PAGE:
So I go with option E
 

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A

definitely A.
in kaplan it says

rule #4 of ethical and legal issues:

we can make the decision for the patient if he/she is incompetent on the basis of substituted judgement (wife speaking for him) and best interest standard (benefits vs burdens)

if the patient is indeed competent then see rule#6:
a competent person can refuse even lifesaving hydration and nutrition (via feeding tube)

so whether we think he's incompetent or competent, he or his wife can say stop the feeding. if there was an option saying wait for court's decision i would've picked that but i think they didnt wanna confuse ME here. :D
 

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Discussion Starter · #9 ·
Your rules will kill the patient

definitely A.
in kaplan it says

rule #4 of ethical and legal issues:

we can make the decision for the patient if he/she is incompetent on the basis of substituted judgement (wife speaking for him) and best interest standard (benefits vs burdens)

if the patient is indeed competent then see rule#6:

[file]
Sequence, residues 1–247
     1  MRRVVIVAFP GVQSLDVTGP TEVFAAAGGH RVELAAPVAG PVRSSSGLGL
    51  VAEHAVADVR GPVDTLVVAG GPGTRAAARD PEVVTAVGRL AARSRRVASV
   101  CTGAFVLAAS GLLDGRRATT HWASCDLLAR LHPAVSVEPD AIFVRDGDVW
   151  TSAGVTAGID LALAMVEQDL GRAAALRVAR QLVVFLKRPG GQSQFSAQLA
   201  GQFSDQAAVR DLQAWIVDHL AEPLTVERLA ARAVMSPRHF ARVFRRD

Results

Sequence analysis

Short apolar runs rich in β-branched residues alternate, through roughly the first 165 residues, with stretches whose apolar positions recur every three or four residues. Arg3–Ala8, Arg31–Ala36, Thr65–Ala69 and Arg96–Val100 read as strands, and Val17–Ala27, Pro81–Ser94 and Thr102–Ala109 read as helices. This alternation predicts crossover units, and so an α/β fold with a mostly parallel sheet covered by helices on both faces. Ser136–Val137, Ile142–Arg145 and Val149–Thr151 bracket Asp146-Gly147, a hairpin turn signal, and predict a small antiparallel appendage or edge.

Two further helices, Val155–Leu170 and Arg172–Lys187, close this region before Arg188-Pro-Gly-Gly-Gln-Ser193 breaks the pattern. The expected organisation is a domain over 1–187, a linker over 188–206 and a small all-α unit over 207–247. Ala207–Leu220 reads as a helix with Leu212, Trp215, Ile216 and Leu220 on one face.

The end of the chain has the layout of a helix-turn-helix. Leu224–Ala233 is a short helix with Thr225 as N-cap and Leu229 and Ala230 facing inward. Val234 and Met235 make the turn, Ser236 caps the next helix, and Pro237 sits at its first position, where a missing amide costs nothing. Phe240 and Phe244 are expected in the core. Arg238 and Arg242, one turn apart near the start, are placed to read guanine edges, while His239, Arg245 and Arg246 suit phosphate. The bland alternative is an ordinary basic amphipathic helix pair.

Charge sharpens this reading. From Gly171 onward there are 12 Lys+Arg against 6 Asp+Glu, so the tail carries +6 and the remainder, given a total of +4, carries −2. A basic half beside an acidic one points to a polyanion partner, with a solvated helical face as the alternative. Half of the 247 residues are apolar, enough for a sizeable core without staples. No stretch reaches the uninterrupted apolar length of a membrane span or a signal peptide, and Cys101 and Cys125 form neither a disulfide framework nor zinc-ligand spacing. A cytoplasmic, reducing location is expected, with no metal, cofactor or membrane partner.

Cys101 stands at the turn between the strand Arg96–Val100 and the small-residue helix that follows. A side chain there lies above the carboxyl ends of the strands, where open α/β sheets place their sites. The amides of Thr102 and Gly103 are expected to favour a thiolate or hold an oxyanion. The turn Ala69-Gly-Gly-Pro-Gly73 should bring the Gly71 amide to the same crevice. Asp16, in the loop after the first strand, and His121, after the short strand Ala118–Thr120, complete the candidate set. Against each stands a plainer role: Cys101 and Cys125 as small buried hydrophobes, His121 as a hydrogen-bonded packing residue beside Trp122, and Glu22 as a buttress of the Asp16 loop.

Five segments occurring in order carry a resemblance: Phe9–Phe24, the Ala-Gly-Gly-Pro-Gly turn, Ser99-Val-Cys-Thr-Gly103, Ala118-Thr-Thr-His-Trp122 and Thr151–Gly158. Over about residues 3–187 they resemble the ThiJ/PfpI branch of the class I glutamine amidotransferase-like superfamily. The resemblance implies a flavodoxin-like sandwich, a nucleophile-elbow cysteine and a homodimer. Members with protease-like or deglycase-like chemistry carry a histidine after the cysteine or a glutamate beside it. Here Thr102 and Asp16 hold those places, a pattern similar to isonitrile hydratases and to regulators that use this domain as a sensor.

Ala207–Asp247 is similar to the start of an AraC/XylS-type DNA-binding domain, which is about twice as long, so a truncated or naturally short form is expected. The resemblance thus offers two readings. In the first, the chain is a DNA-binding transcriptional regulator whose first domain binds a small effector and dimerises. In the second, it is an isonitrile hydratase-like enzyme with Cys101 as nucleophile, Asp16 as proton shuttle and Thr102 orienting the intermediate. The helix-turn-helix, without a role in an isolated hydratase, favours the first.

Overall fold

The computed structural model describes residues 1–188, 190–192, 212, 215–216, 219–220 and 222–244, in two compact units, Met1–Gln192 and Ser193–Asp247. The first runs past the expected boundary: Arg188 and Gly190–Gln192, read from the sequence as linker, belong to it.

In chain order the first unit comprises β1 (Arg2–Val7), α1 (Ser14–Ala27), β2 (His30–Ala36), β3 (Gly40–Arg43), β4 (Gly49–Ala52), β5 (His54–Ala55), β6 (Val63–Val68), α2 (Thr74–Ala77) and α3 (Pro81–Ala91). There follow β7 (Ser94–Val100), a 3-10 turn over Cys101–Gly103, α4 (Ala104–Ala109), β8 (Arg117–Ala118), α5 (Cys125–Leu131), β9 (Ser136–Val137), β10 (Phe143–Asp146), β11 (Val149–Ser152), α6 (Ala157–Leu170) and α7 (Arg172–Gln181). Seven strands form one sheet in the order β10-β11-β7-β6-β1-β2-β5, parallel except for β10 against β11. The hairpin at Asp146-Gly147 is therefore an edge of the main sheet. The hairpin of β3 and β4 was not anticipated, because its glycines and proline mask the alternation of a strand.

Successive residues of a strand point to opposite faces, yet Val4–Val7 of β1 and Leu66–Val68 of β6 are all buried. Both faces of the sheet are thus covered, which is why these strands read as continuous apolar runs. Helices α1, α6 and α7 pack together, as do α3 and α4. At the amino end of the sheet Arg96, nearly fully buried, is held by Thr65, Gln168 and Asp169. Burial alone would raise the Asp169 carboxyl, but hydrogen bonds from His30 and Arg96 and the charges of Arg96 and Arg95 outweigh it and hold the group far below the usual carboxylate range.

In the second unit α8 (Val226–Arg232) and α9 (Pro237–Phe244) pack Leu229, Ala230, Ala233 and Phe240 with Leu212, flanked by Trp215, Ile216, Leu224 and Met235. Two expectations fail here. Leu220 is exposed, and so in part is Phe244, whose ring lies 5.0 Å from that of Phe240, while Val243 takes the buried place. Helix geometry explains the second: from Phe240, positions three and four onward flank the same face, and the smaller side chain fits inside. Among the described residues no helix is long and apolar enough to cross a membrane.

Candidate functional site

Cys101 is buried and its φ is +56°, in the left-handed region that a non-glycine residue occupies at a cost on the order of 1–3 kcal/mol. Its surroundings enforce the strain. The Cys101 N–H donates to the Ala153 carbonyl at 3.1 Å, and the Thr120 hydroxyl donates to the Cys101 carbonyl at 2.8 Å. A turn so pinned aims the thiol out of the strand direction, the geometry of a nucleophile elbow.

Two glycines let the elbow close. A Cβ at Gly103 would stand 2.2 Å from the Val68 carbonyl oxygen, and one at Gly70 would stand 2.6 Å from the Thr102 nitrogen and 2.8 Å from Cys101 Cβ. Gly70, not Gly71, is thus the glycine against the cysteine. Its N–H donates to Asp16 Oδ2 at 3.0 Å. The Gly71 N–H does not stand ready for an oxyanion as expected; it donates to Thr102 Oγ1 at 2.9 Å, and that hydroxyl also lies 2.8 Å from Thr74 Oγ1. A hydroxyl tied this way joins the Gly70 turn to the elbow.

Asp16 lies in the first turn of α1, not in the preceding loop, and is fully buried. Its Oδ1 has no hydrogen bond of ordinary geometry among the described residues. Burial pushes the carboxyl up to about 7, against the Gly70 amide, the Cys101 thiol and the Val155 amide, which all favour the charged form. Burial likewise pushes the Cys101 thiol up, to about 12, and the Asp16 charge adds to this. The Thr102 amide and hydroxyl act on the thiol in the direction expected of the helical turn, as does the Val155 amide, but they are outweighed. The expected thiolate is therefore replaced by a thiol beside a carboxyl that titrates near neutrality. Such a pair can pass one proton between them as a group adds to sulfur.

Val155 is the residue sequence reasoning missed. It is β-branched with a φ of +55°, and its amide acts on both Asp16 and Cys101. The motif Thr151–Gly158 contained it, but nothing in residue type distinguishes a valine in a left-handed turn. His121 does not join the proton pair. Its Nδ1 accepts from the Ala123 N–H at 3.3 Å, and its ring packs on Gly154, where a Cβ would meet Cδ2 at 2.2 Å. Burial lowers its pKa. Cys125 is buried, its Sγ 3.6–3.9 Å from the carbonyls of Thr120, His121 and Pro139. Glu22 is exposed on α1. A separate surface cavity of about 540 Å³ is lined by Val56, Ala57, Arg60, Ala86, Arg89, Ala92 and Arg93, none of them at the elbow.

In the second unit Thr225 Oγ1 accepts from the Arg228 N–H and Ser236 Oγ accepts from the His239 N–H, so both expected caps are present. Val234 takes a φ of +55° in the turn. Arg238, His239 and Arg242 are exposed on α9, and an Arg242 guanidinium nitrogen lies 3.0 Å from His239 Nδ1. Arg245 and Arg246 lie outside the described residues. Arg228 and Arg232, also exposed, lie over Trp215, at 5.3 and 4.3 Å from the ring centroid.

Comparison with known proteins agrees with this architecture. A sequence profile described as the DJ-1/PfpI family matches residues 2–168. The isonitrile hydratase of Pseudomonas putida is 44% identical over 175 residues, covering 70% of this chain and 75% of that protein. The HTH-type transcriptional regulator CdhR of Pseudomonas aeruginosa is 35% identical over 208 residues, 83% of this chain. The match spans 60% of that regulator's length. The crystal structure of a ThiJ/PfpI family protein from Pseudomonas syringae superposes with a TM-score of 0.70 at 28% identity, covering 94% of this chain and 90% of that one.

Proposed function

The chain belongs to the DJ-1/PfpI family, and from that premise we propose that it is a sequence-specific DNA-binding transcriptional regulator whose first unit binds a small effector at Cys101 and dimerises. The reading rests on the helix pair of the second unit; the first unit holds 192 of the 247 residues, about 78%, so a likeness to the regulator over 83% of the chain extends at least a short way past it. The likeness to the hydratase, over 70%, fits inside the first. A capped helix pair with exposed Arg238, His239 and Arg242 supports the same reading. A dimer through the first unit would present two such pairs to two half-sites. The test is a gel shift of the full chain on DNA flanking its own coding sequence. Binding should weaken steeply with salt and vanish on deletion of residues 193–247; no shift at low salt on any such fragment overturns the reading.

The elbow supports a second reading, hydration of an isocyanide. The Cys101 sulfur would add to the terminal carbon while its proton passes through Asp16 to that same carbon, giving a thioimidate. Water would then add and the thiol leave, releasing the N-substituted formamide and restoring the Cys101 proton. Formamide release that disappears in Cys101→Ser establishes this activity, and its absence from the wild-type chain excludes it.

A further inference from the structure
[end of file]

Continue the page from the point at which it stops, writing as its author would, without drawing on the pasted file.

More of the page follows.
a competent person can refuse even lifesaving hydration and nutrition (via feeding tube)

so whether we think he's incompetent or competent, he or his wife can say stop the feeding. if there was an option saying wait for court's decision i would've picked that but i think they didnt wanna confuse ME here. :D
So you agree on killing the patient. Stop the feeding and he will sure die within few days :confused:
 

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I think I also agree on A here. It's not us that are in fact killing the patient, but instead it's us respecting a patient's decision to refuse treatment. Also, waiting for a court's decision doesn't seem right because a proxy exists who can make the decision.
 

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oh no rafiq. i would most definitely not agree in killing a patient but from kaplan notes what i understand is in the US we respect patients' wishes regardless of what we might think morally since morally we are subjective but the law is more objective. and what one might think is more morale may not be in another culture. (different cultures different believes). just like in certain states it is ok to do an abortion for a minor without parental concern. :) (a supreme court ruling i beckon strongly).